Immunotherapy-resistant cancers eliminated in mouse study

Source: Science Magazine Date: August 11th, 2020 Author/Credit: William Vermi/Martina Molgora Immunotherapy has revolutionized cancer treatment by stimulating the patient’s own immune system to attack cancer cells, yielding remarkably quick and complete remission in some cases. But such drugs work for less than a quarter of patients because tumors are notoriously adept at evading immune assault. A new study in mice by researchers at Washington University School of Medicine in St. Louis has shown that the effects of a standard immunotherapy drug can be enhanced by blocking the protein TREM2, resulting in complete elimination of tumors. The findings, which are published Aug. 11 in the journal Cell, point to a potential new way to unlock the power of immunotherapy for more cancer patients. “Essentially, we have found a new tool to enhance tumor immunotherapy,” said senior author Marco Colonna, MD, the Robert Rock Belliveau, MD, Professor of Pathology. “An antibody against TREM2 alone reduces the growth of certain tumors, and when we combine it with an immunotherapy drug, we see total rejection of the tumor. The nice thing is that some anti-TREM2 antibodies are already in clinical trials for another disease. We have to do more work in animal models to verify these results, but if those work, we’d be able to move into clinical trials fairly easily because there are already a number of antibodies available.” T cells, a kind of immune cell, have the ability to detect and destroy tumor cells. To survive, tumors create a suppressive immune [...]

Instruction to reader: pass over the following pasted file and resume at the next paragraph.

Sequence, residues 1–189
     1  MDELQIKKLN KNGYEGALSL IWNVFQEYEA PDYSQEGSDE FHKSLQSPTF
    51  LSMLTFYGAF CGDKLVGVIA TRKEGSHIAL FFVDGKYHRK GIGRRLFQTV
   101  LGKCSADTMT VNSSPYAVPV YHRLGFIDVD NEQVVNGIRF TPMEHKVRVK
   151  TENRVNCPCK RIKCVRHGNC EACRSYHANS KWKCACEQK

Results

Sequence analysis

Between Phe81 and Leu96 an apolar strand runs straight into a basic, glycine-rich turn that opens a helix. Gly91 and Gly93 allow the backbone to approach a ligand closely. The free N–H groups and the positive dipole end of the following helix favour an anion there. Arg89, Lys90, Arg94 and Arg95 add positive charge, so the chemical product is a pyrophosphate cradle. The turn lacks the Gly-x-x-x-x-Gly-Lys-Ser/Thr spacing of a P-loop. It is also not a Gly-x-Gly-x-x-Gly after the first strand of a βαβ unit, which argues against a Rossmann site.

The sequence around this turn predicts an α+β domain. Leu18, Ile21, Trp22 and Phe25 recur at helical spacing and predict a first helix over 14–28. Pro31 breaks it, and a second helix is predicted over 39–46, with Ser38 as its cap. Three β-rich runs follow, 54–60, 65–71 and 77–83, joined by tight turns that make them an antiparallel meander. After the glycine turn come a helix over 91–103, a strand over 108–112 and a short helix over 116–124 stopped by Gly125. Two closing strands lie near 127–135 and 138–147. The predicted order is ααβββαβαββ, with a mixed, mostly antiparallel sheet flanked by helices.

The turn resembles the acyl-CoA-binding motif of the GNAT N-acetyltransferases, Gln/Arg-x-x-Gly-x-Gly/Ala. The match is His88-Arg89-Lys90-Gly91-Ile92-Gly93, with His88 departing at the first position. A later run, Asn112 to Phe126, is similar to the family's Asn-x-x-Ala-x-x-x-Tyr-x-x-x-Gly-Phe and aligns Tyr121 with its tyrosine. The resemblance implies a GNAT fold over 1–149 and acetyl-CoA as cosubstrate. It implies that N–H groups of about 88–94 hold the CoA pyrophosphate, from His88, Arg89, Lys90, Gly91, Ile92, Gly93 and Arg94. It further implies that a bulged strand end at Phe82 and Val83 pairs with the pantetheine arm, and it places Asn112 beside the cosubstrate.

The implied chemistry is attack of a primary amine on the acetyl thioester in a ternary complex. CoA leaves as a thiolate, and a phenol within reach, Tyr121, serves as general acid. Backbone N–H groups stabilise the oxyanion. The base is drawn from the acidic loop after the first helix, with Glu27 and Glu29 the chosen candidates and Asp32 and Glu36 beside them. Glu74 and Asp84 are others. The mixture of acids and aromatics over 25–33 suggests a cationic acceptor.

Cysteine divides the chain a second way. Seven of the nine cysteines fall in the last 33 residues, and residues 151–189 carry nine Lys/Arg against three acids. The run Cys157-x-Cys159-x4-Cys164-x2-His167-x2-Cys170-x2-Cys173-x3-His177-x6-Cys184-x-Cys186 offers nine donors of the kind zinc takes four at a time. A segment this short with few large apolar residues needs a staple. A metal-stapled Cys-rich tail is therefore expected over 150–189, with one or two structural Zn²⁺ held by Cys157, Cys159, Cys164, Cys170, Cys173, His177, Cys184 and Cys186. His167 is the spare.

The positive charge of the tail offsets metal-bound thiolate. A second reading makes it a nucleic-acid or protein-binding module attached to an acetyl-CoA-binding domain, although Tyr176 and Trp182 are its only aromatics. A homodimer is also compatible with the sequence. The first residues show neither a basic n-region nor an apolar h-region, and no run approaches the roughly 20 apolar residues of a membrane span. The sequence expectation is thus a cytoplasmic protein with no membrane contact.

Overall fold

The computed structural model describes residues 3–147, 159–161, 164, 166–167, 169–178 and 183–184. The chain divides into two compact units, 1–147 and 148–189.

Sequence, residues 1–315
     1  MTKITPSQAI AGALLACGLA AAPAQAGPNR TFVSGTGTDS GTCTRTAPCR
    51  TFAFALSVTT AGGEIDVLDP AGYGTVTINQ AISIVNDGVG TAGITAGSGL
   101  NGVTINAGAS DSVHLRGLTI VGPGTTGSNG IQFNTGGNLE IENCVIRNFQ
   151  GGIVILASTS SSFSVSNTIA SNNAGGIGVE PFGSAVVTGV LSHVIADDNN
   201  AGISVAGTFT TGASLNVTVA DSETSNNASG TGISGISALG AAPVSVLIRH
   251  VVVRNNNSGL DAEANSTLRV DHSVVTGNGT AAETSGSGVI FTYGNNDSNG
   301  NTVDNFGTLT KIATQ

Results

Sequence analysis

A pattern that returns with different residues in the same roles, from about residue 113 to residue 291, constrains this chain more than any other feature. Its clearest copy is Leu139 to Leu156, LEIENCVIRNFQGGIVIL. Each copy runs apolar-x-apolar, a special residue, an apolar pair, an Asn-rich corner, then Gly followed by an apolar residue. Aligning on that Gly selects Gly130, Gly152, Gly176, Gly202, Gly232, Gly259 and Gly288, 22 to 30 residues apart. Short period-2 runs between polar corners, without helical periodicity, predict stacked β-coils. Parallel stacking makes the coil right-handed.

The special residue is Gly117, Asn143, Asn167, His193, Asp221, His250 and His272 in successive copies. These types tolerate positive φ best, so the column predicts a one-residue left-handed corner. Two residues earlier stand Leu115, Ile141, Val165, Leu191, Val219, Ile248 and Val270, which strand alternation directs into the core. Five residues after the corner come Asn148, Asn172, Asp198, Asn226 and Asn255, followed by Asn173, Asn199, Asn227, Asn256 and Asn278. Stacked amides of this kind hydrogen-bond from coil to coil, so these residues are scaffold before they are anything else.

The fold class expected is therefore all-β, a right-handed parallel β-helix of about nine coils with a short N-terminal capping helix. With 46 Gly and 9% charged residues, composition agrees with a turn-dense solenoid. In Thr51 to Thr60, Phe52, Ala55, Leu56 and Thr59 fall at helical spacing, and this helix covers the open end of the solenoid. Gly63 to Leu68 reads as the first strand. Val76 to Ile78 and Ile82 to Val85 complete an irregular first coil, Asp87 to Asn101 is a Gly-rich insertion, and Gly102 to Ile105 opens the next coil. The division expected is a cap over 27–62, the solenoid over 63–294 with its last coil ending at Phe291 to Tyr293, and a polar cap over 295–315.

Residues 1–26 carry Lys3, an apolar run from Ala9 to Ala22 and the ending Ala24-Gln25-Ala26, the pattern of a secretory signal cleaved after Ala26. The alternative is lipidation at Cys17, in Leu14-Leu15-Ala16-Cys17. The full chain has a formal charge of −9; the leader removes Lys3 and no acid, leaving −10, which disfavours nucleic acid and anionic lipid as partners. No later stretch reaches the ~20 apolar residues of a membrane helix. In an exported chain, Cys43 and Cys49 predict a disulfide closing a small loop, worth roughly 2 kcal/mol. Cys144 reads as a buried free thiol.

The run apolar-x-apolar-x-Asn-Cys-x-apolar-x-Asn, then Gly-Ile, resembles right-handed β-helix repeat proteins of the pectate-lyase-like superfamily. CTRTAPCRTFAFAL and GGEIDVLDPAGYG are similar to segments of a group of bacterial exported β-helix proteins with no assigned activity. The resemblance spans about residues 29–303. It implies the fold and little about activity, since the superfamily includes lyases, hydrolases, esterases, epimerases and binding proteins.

2020-08-12T16:46:59-07:00August, 2020|Oral Cancer News|

Most parents of unvaccinated teens have no intention of getting HPV vaccine for their kids, study finds

Source: Author: Kasra Zarei, The Philadelphia Inquirer The human papillomavirus (HPV) vaccine has been proven to prevent certain types of oral and genital cancers and other health problems. However, in a study published this week in Lancet Public Health, researchers found that more than half of the parents of adolescents who have not received the HPV vaccine had no intention to initiate the vaccine series for their children. Using data from a nationally representative survey of U.S. adolescents, the study authors estimated national-level and state-level parental intent to initiate and complete the HPV vaccine series for their kids. In states including Idaho, Montana, Nebraska, North Dakota, Oklahoma, and Utah, more than 65 percent of parents of unvaccinated adolescents had no intention to initiate the HPV vaccine series. According to the most recent data by the Centers for Disease Control and Prevention, Wyoming and Mississippi have the lowest HPV vaccine rates at roughly 50 percent. The new study found of parents of unvaccinated adolescents in these states, almost 62 percent and 57 percent, respectively, did not intend to initiate the HPV vaccine for them. Lack of parental intent to complete the vaccine series was lowest in the District of Columbia, at nearly 11 percent, and Rhode Island, at 20 percent. HPV vaccination is mandated in both regions. In Philadelphia, HPV vaccine coverage is among the highest in the country — roughly 71 percent in 2018, according to CDC data. Still, in Pennsylvania, between 60-65 percent of the parents of unvaccinated [...]